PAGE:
In the not‐too‐distant past, students were told that as long as you studied, were accepted to university and earned a degree, there’d be a job waiting after graduation – yet that’s no longer the state of things.  As the number of people with college education increased, the earning of one stopped guaranteeing job acquisition. However, educational reform strategies have not altered with the changing scope of the world – the mere fact that college degrees are currently more the norm than not shows how the situation has changed, thus the educational system must change to meet the existing needs and demands of the world economy.   

There are many strategies suggested in which to cultivate creativity, including techniques that draw on utilising both divergent and convergent thinking (Fasko, 2000). Divergent thinking differs from its counterpart with respect to approach – while convergent thinking focuses on information gathering and movement to one solution, divergent thinking seeks out new ideas and perspectives in which to formulate a range of possible answers (Motta, 2010). Divergent thought requires and thus fosters creativity; combining both types of thinking in teaching strategies triggers creativity and appropriately challenges creative thinkers. It is in divergent thinking that students become insightful and look at a problem from many angles, allowing them to understand the right questions to ask in order to find a solution (Fasko, 2000).   

It is important to note the difference between teaching for creativity and teaching creatively (Azzam, 2009). A mark of a great teacher are those who are creative as they connect student interest to the curriculum, and utilising student interest helps facilitate creative production (Fasko, 2000). However, teaching for creativity moulds the pedagogy to inspire creative thought through experimentation and inquiry, allowing students to explore ideas and concepts both individually and in groups.  

Robinson says that collaboration is essential to creativity – the merging of differently‐thinking minds upon a common interest (Azzam, 2009). He argues that collaboration is one of the most vital skills teachers must use and encourage in creative learning as original thought stems from working together and being inspired by other people’s thoughts and ideas (Azzam, 2009).  

Moving away from teaching for standardised tests is critical in encouraging creative thought and harbouring diversity. Robinson states that “at the heart of our education systems, of course we need high standards, of course we need to cover common ground, but instead of promoting conformity we should be promoting diversity of talent” (Robinson, 2009, June 16).     

Curriculum must focus more on deep understanding of core, or threshold, concepts that allow students to move beyond surface knowledge and the ‘memorize‐and‐regurgitate’ methodology classrooms of today follow (Sawyer, 2012). Sawyer remarks that being creative in a particular subject matter requires a fundamental understanding – something that requires effort and ‘discipline‐specific expertise’ – and states that only after ten or more years will a student be able to formulate significant new ideas (2012). In addition to risk taking the idea of ambiguity is important in creative thought – having uncertainty allows the student to question previously‐held beliefs and ideals (Fasko, 2012).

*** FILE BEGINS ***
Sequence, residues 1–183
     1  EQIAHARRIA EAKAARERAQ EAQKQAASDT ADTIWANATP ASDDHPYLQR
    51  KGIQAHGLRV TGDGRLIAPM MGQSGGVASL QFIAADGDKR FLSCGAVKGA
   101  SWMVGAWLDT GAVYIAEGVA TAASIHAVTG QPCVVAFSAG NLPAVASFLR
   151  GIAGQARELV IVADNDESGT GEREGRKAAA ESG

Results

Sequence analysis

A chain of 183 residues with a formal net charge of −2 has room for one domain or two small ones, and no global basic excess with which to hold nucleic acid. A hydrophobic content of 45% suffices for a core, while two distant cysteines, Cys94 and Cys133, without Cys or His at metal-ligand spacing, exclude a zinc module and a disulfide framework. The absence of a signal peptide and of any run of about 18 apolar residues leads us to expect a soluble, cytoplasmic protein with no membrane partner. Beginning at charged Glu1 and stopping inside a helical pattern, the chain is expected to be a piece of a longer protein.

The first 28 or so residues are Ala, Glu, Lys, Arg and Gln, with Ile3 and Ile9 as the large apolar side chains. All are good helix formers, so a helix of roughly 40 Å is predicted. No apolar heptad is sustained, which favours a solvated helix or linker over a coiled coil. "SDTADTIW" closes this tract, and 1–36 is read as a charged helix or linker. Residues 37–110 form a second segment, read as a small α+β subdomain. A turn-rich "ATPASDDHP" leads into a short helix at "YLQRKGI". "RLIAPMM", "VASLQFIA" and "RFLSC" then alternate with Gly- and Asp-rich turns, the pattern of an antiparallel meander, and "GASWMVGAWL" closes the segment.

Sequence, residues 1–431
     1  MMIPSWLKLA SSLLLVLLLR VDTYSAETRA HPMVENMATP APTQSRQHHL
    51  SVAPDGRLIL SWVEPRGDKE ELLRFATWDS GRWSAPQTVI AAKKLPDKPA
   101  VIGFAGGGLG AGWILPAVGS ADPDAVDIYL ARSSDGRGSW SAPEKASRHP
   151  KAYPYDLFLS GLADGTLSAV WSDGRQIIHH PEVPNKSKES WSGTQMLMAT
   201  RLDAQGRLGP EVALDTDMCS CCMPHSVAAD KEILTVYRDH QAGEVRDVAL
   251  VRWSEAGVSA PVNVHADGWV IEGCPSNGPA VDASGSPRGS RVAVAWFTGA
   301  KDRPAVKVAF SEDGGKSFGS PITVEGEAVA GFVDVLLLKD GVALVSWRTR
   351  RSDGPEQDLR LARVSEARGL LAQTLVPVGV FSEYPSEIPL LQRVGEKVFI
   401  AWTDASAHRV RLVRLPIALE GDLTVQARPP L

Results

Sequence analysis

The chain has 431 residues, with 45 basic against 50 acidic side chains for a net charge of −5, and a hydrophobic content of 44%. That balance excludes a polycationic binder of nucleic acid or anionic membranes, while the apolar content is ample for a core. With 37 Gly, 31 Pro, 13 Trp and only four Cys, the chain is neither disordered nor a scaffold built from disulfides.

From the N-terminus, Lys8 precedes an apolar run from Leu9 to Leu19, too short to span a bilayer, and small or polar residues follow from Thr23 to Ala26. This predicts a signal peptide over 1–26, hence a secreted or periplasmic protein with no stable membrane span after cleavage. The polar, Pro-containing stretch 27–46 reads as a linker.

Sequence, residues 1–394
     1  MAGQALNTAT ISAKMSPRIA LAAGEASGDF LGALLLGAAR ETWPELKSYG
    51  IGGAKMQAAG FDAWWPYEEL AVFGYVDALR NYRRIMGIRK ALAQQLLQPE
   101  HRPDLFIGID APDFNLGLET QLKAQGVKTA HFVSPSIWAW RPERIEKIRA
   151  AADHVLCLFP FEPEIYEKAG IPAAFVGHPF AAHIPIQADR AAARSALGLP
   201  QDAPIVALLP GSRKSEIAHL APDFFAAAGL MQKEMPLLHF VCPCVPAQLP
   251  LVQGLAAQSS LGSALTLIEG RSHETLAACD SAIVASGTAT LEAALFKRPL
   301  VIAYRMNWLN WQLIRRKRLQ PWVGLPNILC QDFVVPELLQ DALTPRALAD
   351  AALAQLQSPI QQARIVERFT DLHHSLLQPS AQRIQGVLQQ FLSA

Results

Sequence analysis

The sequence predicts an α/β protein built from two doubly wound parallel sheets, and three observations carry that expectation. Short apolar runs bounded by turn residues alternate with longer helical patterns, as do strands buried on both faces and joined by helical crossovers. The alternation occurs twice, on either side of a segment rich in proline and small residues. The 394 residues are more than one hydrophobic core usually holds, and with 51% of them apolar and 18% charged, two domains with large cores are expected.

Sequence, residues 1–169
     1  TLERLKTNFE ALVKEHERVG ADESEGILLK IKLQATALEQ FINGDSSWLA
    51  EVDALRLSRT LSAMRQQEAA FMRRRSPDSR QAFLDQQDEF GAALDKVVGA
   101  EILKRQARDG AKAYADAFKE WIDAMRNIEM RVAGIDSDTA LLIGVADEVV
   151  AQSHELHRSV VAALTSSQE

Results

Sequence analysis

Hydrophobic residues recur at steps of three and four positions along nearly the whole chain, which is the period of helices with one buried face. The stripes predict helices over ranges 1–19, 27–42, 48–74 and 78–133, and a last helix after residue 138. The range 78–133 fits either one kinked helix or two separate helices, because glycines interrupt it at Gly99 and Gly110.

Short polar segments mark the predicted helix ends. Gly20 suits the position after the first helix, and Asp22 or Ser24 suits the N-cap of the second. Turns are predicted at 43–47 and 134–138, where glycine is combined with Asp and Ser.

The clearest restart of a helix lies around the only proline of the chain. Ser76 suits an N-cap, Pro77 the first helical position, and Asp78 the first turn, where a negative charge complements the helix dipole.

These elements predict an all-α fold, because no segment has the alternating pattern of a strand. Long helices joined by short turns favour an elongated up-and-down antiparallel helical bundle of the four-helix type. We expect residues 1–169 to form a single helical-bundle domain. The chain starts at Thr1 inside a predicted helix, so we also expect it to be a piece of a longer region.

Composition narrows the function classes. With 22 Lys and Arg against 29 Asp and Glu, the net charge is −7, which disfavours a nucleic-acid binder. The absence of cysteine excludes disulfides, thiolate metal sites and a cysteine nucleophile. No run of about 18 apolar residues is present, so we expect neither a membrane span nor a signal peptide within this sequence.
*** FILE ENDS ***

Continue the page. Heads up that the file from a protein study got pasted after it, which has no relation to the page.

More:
In Fasko’s paper, he discusses core personality attributes of creative people, which include the inclination to take risks and adapt to new situations, as well as the ability to handle uncertainty/ambiguity while enduring difficult challenges with a steadfast hold of one’s convictions (Fasko, 2012). The problem here is that students do not want to take risks as oftentimes it results in poor marks. This leads to the way creative thought can be assessed.  

Brookhart, in her article published earlier this year, gives an example rubric for assessing creativity. She includes aspects such as having a variety of ideas, contexts, and sources, in addition to combining ideas once thought of as separate as well as communicating something new and interesting (Brookhart, 2013). Rubrics, or grading criteria, allow students to understand what creativity is and allows teachers to give meaningful and helpful feedback to the students. In a recent blog post, Andrew Miller outlines some key indicators in assessing creativity, including how students: synthesise ideas, ask questions, brainstorm, and communicate these ideas in original ways (Miller, 2013). Miller also discusses the necessity of providing students not only with the opportunity to be creative but also with the necessary skills and specific ‘targets’ – such as challenging and stimulating assignments – to reach (Miller, 2013). Fasko also stresses the importance of providing “problem‐finding opportunities” for learners (Fasko, 2000).  

What does this mean for me as I begin to teach in my subject areas?

One successful teaching strategy to encourage creativity involves inquiry‐based learning, as it’s suggested that creativity is triggered through the process of discovery (Fasko, 2000). My teaching areas are mathematics and the sciences (specifically physics), and both disciplines are generally categorised under ‘convergent thinking’ in terms of how the material has been presented and assessed in the past (Motta, 2010). In physics classrooms of the past and present, the focus has been on solving problems that have one right answer, and the method to solving these problems is taught alongside. Traditional systems of education does not allow for the process of inquiry and thus students seldom ask questions or try to delve deeper into a topic as they’re expected to listen and regurgitate the information taught to them (EBC, 2004). This method creates learners who merely absorb information, when we want to create learners who do not take information on face value and who create their own questions and ideas based on the context of the problem and their knowledge and understanding.